Archive for the ‘Eco-Home’ Category
Building an eco-home requires a strong understanding of both energy saving and energy production. By incorporating elements of energy conservation and renewable energy systems, you can ensure that your home will be eco-friendly and energy efficient. The construction of an eco-home can be viewed as an integrated process, beginning in the very first stages where placement of the home is concerned and running all the way through to the choice of appliances such as water heaters, to be installed. This article will look at a number of these features.
Orientation and Solar Gain
The first and possibly most significant decision to make is the placement and orientation of the home. Selecting the house location should take into account exposure to the sun, wind and tree cover. While this may be easier on larger lots, on smaller lots, the choices for placement may be limited, but orientation can still make a huge difference in energy savings. Eco homes should make use of the Passive House principles which use passive solar gain to heat the structure in the winter and sun shielding devices to limit solar exposure in the summer.
To maximise the winter solar gain, the long axis of a home should run east to west, with the largest glazed area facing south. Roof overhangs should also be carefully angled to allow the lower winter sun to warm the interior but long enough to block the higher summer sun form overheating the house. Furthermore, houses should incorporate materials with a high thermal mass, especially where the sun shines through on to the floor in winter. Materials such as stone, tile and concrete absorb heat steadily over the course of the day and release it slowly throughout the hours of darkness, providing a radiating heat source.
Insulation and windows
Once you have the architecture to control the amount of heat coming in, you need to be able to maintain a relatively constant interior temperature. The best way of doing this is by integrating high efficiency insulation technologies. With the majority of heat typically lost through the roof of a structure, investing in high R- value roofing insulation is a must. With gaps in walls also being major culprits of heat loss due to wind exposure, making sure you have a gap free envelope is essential. For both areas, using insulation which can seal off gaps and reduce airflow is vital. Finally, buying low emissivity (low-E), dual pane windows dramatically improve the energy performance of your house.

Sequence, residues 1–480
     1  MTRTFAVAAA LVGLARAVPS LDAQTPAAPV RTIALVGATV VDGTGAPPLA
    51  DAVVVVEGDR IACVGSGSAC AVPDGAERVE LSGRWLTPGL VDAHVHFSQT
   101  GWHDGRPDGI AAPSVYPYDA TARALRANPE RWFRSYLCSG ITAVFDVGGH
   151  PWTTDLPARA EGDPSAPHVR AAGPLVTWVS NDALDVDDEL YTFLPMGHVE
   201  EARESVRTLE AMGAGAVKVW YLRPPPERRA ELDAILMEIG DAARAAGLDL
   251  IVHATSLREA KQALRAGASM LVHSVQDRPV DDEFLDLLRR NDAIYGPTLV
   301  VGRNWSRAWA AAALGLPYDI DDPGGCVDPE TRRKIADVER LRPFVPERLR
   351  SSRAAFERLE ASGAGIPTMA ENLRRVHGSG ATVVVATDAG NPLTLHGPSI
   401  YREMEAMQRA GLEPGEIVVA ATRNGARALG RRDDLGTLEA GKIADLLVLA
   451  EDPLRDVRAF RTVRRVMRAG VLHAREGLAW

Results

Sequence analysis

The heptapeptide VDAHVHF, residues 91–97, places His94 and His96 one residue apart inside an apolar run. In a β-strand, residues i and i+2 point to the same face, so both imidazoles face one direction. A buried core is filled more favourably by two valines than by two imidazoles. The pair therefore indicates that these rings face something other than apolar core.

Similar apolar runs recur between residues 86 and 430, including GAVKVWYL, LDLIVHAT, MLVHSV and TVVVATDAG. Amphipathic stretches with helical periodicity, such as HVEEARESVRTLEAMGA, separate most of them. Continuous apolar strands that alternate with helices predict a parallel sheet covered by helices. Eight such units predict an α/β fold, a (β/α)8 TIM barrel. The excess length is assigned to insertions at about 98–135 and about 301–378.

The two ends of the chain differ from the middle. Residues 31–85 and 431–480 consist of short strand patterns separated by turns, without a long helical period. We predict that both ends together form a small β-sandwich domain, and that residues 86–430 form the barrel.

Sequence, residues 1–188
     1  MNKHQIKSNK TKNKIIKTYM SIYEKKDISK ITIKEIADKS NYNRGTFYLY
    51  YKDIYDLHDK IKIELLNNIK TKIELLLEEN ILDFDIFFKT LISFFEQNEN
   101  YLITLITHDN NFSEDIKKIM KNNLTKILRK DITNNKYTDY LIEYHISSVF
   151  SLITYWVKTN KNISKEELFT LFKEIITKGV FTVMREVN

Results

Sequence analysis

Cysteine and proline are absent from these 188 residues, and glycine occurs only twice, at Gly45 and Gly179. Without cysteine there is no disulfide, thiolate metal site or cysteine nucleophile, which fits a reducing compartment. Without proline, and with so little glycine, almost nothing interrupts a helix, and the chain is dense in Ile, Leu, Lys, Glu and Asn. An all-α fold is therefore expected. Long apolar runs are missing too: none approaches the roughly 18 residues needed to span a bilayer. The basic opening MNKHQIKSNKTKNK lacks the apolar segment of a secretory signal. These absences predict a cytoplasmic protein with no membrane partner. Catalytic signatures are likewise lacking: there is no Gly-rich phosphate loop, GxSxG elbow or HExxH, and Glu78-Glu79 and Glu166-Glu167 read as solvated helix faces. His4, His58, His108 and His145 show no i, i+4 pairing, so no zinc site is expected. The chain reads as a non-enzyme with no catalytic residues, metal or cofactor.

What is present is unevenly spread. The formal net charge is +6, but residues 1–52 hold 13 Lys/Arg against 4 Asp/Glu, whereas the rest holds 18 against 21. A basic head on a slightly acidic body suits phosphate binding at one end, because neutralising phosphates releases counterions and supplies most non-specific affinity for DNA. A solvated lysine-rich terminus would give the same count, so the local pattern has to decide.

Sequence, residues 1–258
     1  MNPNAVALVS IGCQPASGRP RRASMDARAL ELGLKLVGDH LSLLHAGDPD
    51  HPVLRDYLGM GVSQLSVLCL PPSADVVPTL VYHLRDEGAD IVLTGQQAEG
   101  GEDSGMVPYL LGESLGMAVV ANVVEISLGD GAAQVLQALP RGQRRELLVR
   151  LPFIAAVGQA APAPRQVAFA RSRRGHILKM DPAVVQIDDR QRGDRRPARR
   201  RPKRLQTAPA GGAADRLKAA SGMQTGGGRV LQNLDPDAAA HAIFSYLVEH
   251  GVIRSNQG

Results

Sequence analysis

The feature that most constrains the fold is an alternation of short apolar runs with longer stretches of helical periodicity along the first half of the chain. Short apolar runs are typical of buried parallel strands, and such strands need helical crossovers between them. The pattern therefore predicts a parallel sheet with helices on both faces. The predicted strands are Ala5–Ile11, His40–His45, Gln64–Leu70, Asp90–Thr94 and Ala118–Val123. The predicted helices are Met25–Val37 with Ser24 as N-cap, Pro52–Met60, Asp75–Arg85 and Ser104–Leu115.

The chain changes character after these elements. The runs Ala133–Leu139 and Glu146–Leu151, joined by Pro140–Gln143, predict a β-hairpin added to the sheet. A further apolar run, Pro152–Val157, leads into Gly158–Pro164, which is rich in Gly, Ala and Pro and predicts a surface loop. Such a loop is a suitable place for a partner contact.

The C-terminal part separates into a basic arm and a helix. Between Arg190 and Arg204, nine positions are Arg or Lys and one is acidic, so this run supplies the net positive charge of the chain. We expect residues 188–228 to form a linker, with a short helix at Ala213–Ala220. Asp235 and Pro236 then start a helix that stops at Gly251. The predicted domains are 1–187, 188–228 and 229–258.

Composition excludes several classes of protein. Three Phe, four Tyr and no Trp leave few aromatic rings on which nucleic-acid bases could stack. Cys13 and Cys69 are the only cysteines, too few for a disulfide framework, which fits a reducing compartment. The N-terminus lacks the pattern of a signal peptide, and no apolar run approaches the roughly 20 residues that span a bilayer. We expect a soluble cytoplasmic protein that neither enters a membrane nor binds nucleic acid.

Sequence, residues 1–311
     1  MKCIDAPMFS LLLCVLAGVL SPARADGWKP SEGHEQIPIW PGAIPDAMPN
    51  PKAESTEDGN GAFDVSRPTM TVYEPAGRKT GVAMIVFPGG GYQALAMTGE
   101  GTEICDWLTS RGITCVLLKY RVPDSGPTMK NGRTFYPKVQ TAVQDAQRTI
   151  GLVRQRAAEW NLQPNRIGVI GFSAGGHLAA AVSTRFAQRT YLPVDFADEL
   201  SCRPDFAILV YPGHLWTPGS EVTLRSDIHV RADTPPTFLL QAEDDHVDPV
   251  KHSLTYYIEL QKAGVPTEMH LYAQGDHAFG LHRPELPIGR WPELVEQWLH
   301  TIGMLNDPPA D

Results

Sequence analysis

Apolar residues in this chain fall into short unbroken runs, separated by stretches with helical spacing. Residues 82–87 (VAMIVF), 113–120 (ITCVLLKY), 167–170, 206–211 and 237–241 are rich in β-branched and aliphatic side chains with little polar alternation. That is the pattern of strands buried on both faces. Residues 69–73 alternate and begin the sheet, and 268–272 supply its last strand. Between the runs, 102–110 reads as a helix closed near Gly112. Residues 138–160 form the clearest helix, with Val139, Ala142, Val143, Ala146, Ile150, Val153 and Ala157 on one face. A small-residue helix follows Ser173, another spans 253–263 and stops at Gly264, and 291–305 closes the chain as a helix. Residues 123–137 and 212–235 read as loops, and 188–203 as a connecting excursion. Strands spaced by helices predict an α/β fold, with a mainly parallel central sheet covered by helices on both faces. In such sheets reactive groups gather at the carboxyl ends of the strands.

Renewable Energy and Appliances
Of course, this passive system is only so effective and often auxiliary heat sources are required. This is where economy radiatorscome in. Because electric heating systems allow superior zonal control over whole house heating systems, they are very effective heaters in specific areas of the home. They are also stylish alternatives from traditional, clunky heaters, providing a range of models to choose from to best complement your home.
From an eco-home standpoint, best practice would be to power your electric radiators and other appliances through a renewable power source. There are a number of renewable power systems available to the eco-home owner. Photovoltaic panels (solar), hydroelectric generators and wind turbines offer the ability to run some if not all of your electrical appliances without relying on non-eco-friendly power sources. Choosing Energy Star rated appliances and more efficient technologies also dramatically helps your energy conservation.
If you are planning to build an eco-friendly home, considerable planning is required, from home location, orientation, building material, roof angle, insulation, windows type and appliance choice. Furthermore, if you are trying to achieve a measurable degree of energy efficiency, you should register with one of the certification institutions such as PassivHaus or LEED before you begin construction. This will ensure that your project gains certification as certain inspections are needed as construction progresses.